Asian shares advance on China stimulus hopes
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Asian shares advance on China stimulus hopes


An investor monitors share prices at a securities brokerage company in Bangkok. (Photo: Pornprom Satrabhaya)
An investor monitors share prices at a securities brokerage company in Bangkok. (Photo: Pornprom Satrabhaya)

RECAP: Stocks in Asia recorded a third straight weekly gain before many markets closed for Chinese New Year, after a flurry of stimulus announcements from China as it attempted to stem a severe equity market slump.

Thai shares moved in a range of 1,379.86 and 1,403.80 points this week, before closing on Friday at 1,388.37, up 0.31% from the previous week, with daily turnover averaging 37.13 billion baht.

Retail investors were net buyers of 1.64 billion baht. Brokers were net sellers of 982.83 million, followed by institutional investors at 483.31 million and foreign investors at 169 million baht.

NEWSMAKERS: Mexico has overtaken China as the top source of US imports, a position the latter had held since 2008, trade data released by Washington showed. Mexico last year accounted for 15.4% of all US imports by value, against 13.9% for China.

  • Inflation in China decreased by 0.8% year-on-year in January, the fourth month of decline and the sharpest drop in 15 years, further highlighting the risk of deflation in the world's second largest economy.
  • The US trade deficit narrowed last year to the lowest in three years, at $773.4 billion, down 18.7% from $951.2 billion in the previous year.
  • US employers in January added 353,000 positions, beating forecasts, while the unemployment rate remained steady at 3.7%, indicating a healthy labour market and raising concerns that the Federal Reserve may maintain high interest rates longer than anticipated.
  • Neel Kashkari, president of the Minneapolis Fed, expects the central bank to cut rates two or three times this year, while Adriana Kugler, another Fed member, stressed the need for more data on inflation to build confidence before considering a rate cut.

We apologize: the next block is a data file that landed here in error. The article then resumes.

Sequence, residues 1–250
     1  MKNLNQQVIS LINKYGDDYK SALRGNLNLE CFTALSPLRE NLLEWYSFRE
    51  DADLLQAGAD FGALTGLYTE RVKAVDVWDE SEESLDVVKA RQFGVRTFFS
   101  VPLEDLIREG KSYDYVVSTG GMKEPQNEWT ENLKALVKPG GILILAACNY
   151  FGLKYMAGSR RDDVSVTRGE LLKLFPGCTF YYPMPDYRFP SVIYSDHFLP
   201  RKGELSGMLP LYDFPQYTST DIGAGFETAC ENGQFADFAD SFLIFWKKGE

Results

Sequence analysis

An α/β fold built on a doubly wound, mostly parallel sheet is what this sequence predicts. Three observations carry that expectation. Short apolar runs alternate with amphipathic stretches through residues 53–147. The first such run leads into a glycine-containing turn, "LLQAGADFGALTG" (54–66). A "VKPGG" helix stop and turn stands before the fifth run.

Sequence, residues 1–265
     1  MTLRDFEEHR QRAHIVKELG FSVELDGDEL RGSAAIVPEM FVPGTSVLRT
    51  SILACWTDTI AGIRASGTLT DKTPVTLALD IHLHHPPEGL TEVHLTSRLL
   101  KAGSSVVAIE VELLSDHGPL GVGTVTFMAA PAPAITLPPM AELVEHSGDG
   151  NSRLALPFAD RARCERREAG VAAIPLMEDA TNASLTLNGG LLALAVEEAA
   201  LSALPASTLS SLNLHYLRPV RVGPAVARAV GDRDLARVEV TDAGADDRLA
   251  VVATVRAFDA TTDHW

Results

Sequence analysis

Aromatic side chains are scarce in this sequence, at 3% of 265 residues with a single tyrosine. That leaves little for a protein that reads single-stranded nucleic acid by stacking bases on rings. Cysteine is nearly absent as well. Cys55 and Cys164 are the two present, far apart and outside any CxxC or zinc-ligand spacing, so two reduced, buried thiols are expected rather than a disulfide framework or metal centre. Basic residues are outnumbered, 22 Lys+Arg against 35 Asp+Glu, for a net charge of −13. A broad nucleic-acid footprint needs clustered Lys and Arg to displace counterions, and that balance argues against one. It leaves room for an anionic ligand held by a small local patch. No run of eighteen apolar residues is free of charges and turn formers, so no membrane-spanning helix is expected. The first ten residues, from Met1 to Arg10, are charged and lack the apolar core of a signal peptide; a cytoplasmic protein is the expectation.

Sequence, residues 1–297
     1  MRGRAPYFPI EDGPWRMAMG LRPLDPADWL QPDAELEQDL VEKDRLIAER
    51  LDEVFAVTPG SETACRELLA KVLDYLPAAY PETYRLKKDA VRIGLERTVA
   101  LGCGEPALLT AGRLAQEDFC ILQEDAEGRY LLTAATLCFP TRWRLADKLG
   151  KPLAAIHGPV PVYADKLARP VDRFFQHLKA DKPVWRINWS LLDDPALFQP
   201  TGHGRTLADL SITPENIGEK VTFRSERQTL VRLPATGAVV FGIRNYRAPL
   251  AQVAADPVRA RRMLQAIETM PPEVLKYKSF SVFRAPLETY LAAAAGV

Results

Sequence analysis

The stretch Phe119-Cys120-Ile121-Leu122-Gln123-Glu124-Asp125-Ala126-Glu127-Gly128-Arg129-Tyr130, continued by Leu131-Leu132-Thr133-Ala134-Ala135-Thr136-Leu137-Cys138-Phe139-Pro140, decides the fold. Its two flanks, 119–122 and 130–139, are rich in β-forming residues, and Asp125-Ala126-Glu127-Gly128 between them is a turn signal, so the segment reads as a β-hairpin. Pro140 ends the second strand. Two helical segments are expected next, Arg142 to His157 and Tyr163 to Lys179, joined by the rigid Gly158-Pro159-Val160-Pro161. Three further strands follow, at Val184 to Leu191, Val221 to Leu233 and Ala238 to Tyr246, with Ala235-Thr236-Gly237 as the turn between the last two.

• Moody's downgraded the credit rating of New York Community Bank (NYCB) to junk status, citing the bank's failure to strengthen its capital base and erosion of depositor confidence. NYCB has struggled since acquiring the failing Signature Bank during an industry crisis last year.
  • Foreigners purchased a net ¥2.07 trillion (US$13.4 billion) worth of Japanese stocks in January, the seventh highest monthly amount on record, spurred by strong earnings.
  • Bitcoin mining consumed 121 terawatt-hours of power in 2023, roughly the same amount consumed by the 46 million people of Argentina, the Cambridge Centre for Alternative Finance reported.
  • Toyota Motor has raised its full-year operating profit forecast by nearly 9%, after its fiscal third-quarter earnings topped estimates thanks to a weaker yen and strong sales of high-margin cars and hybrid vehicles. Honda upgraded its profit forecast thanks to a strong dollar and healthy North American demand, while rival Nissan said its quarterly net profit almost tripled year-on-year to ¥325 billion.
  • SoftBank Group on Thursday recorded a net profit of ¥985.5 billion ($6.6 billion) in the October-December quarter, ending a streak of four consecutive quarters in the red, as the value of some investments gained ground.
  • Taiwan Semiconductor Manufacturing Co (TSMC) announced plans to build a second chip factory in southern Japan and raise the total investment there to more than $20 billion, to minimise geopolitical risks.
  • Maersk on Thursday reported a net loss of $442 million in the fourth quarter of last year, dragged down by a collapse of freight rates and its container liner division recording an operating loss of $920 million. It signalled uncertainty in its 2024 profit outlook due to the crisis in the Red Sea.